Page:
Salmonella's back. Government officials announced this week that salmonella carried by your cute little green friends -- this time frogs -- have caused yet another outbreak in children.
Aquatic pet frogs are under fire this week after 48 people in 25 states came down with salmonella serotype typhimurium, according to the U.S Centers for Disease Control and Prevention.
Children were most likely to be infected. Among the reported cases, 77 percent were in children under age 10.
Officials from the U.S. Food and Drug Administration issued a warning Tuesday that all amphibians and reptiles can carry salmonella bacteria after reports of the multistate outbreak surfaced. Young children -- who would most likely touch the frogs -- the elderly and people with compromised immune systems can fall gravely ill with the bacteria.
"Most persons infected with salmonella develop diarrhea, fever and abdominal cramps 12-72 hours after infection," according to an FDA press release.
Salmonella in the guts of frogs, salamanders, newts, turtles, lizards and snakes can easily spread from a feces-contaminated aquarium into the mouth, nose and eyes of small children.
In light of the new infections, the FDA urged parents to keep reptiles and amphibians away from children under age 5, and clean aquariums in a space away from the kitchen sink.
It [salmonella] could be from turtles, it could be frogs, it can be passed from dogs. People can get it from food poisoning and pass it to others," said Dr. Steven Rowell, hospital director of the Foster Hospital for Small Animals in North Grafton, Mass. "Many times it isn't diagnosed, but if a person gets really sick they can be hospitalized and doctors may do the full testing."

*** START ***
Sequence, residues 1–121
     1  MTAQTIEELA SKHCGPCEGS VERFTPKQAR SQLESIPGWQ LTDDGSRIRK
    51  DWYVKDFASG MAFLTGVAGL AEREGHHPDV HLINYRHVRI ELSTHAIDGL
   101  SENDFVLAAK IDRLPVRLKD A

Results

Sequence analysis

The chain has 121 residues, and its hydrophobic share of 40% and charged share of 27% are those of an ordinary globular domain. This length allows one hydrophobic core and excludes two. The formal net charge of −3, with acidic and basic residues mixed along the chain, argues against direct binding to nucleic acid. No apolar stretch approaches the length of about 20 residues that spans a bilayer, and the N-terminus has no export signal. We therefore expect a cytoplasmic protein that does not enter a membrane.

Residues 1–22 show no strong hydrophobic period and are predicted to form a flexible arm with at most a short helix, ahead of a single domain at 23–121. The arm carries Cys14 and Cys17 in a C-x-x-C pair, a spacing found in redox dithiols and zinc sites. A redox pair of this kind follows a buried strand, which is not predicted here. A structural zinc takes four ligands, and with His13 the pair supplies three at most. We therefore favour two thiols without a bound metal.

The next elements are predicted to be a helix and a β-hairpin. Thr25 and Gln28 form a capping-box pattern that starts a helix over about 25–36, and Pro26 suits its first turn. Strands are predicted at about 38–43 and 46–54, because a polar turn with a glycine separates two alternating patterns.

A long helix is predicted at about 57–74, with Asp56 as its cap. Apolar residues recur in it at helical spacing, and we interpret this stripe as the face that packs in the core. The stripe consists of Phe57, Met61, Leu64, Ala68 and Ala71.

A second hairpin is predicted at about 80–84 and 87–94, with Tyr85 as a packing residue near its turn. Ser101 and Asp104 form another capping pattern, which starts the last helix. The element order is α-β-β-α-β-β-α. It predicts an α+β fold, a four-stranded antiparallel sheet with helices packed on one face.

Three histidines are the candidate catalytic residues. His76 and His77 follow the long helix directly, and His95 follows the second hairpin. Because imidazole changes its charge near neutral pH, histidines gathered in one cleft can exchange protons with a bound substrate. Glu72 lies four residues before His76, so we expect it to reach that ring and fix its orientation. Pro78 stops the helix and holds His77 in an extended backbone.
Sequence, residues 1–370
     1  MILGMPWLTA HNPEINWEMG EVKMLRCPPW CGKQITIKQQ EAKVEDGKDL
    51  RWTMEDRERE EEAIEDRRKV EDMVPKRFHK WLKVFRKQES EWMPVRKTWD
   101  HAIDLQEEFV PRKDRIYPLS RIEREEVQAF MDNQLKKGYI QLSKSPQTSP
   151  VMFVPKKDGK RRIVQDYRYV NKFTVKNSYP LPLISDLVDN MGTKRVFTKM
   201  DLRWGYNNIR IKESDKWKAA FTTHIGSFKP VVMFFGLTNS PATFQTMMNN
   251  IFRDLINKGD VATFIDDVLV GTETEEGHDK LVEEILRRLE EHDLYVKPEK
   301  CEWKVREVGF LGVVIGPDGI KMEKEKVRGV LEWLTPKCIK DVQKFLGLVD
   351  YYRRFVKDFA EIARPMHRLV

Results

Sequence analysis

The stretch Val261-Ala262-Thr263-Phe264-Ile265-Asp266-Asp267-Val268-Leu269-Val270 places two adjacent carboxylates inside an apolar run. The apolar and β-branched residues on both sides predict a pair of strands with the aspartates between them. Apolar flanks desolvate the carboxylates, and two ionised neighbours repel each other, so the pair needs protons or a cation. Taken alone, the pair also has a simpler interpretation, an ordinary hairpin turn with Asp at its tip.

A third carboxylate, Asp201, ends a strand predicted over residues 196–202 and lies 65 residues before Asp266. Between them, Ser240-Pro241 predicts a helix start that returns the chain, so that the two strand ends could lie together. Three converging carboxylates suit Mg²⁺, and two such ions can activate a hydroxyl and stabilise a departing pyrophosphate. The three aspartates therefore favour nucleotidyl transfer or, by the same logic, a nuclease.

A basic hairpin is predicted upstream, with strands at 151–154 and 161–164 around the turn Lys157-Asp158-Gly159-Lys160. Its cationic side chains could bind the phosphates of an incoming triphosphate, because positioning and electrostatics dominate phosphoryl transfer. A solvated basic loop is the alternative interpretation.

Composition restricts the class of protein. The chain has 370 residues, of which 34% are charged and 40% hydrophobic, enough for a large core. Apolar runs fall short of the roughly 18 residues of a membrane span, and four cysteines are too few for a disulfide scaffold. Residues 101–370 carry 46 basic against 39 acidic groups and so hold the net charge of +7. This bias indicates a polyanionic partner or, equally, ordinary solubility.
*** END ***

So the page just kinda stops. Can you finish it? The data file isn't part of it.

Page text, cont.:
The current scare isn't the first time a generation of parents somehow forgot about salmonella and pets, and it likely won't be the last. The CDC reported 107 infections from salmonella linked to turtles in 2008, although the FDA put limits on turtle sales for this very reason.
"When I was a kid, we had these little plastic trays with water, and a little plastic palm tree that was filled with little tiny turtles," said veterinarian Marty Becker.
Those pet turtles grew quite popular in the late '60s and '70s, but also led to a boom in salmonella cases.
In 1975, the commercial sale of turtles less than 4 inches in length was banned. However, the American Veterinary Medical Association estimated that 2 million households kept turtles in 2006.
"I know the CDC really doesn't want reptiles around young kids," said Becker. Especially for infants, he noted, "everything the baby picks up goes in their mouth."
Yet following the CDC recommendations to remove the turtles from homes with children won't eliminate all pet-borne diseases.
Becker pointed out that it's possible to get a variety of diseases from furry and green friends, even if a family doesn't own pets.
One of the most frightening and rare infections lurk in the sandbox. Becker said on rare occasions children can catch dangerous parasites from soil contaminated by animals.
"Forget the hot zone in Africa," said Becker, referring to a book about the Ebola virus. "The hot zone is right in your backyard or dog park."